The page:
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HP/UHP market snapshot

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HP/UHP market snapshot

The high performance/ultra-high performance replacement tire market remains in growth mode, and we’re not just talking shipments, which increased from 45.1 million units in 2006 to 49.1 million units in 2007.

Several HP/UHP tire manufacturers and marketers also expect “growth” to be the operative word when it comes to performance tire sizes. Last year, the segment witnessed “strong growth in 17- and 18-inch due to the increase of (their) use at original equipment,” says Richard Smallwood, president and COO of Falken Tire Corp.

In fact, Don Mathis, general manager of ZT Wholesale, says 17- and 18-inch sizes are reaching “near commodity status.” He predicts shipments of 19-inch HP/UHP tires will increase this year.

“There is still healthy demand for plus sizing because tires and wheels are one of the easiest ways someone can customize their vehicle.” says Phil Pacsi, vice president, North American consumer tire marketing, Bridgestone Firestone North American Tire LLC.

But he believes “the race to see who can make the biggest tire is finally slowing down. We’ve reached the engineering limits within the size available under the car.

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Tuner: hot or cold?

For years, “tuner” has been the big buzzword in the HP/UHP segment. When asked to assess the state of the tuner market, responses from manufacturers and marketers varied.

The tuner market is still “quite hot,” says ZT Wholesale’s Mathis, though he adds “that perception may be from the market (now) being divided between 20 brands rather than six or eight brands.”

Cooper Tire & Rubber Co. describes the tuner market as “alive and well.” However, the types of tuner vehicles are changing, says Chris Pantani, Cooper’s director of UHP marketing and motorsports. There’s been a shift from tuning sport compacts to tuning domestic automobiles, he reports. (“Let’s not forget that muscle cars were the original tuner vehicles in the 1960s and ‘70s.”)

Smallwood says Falken has observed a “slowing in tuner sizes, but a lot of the remaining volume has gone to the very low-cost (suppliers). Sizes also have shifted away from the traditional tuner sizes in the 17- to 18-inch rim diameters to larger rim diameter sizes such as 19-inch through 20-inch.”

Doug Addis, territory sales manager for Maxxis International — USA, says tuner “has cooled down for several reasons. The first would be economic conditions. With gas prices so high, discretionary spending has slowed a bit. Secondly, there are more players competing for that tuner business. The pie has been sliced into smaller pieces.”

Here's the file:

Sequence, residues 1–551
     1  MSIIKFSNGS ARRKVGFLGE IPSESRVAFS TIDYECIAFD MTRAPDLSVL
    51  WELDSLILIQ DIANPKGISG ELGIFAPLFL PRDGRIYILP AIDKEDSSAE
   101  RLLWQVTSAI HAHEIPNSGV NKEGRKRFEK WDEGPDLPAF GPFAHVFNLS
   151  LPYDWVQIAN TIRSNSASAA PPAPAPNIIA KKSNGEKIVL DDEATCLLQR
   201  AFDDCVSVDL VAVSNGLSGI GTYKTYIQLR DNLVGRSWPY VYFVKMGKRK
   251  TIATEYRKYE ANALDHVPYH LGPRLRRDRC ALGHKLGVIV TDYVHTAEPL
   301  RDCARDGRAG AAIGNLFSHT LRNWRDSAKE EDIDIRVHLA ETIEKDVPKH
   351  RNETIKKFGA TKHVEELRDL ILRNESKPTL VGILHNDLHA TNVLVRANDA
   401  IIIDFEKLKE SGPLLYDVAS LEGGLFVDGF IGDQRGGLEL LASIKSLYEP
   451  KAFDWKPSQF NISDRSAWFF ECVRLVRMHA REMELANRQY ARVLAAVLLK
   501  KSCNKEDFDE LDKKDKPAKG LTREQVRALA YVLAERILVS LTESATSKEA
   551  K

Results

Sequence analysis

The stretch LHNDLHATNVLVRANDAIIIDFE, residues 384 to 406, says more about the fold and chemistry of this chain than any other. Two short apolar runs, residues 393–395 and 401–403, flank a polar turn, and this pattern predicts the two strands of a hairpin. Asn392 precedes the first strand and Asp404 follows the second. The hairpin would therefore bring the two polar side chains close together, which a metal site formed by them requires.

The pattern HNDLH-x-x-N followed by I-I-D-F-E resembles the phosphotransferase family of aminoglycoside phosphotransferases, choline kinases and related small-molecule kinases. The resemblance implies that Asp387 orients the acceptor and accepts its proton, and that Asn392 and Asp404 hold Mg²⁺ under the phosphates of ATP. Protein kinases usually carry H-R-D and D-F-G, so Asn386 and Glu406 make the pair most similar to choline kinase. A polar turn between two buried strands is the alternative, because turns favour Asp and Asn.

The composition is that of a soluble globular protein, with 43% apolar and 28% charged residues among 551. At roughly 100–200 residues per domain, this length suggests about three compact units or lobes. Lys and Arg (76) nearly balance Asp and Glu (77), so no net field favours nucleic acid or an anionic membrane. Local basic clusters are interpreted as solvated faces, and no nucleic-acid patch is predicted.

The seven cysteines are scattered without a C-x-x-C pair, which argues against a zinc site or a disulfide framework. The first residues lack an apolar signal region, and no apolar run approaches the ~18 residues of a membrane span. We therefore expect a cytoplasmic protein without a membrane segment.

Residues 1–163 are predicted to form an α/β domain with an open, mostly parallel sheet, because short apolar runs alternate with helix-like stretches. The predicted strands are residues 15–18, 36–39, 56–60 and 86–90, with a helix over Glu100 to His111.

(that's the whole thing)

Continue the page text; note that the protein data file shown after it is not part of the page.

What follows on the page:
One tuner market sub-segment, “the very discriminating ‘high-end’ tuner” sub-segment, remains profitable, “particularly with European applications,” says Julie Sediq, director of marketing communications for Toyo Tire U.S.A. Corp. “This segment is less affected by economic conditions.”

Joerg Burfien, director of research and development for Continental Tire North America Inc. (CTNA), is optimistic about future profit opportunities in the tuner market. “We’re looking forward to an increase (in tuner business).”

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‘Accidental performance’

HP/UHP tire manufacturers and marketers say demand for their products will increase during 2008. One major reason is that more vehicles are coming out of the factory with traditional HP/UHP tire and wheel sizes. “Generally, the HP segment is developing more towards broad market,” says Burfien.

“More vehicles during the last three years have entered the market with HP and UHP tires,” says Pantani.

Expect a lot more of the same, says Rick Brennan, vice president of marketing for Kumho Tire U.S.A. Inc. At last month’s Kumho dealer meeting, Brennan went as far as to say that five years from now all new cars will come with performance tires on them.

Larger-rim diameters and 50- and 55-series sizes are becoming more commonplace at OE, he says. The result? More “accidental performance customers.”

The downside to this, he adds, will be the resulting sticker shock when tires need to be replaced.

Look for continued HP/UHP size proliferation, as well. Brennan says there will be 54 new HP/UHP sizes offered by vehicle manufacturers this year alone.

The constant churning of vehicles also will knock a few existing HP/UHP sizes off their perch, he adds. For example, he doesn’t expect sizes 255/30R24 (front) and 275/30R24 (rear) to be in as much demand thanks to Chrysler LLC’s announced cancellation of the Dodge Magnum.

(See the "HP/UHP market share by brand" chart in our Industry Resources area on this Web site.)

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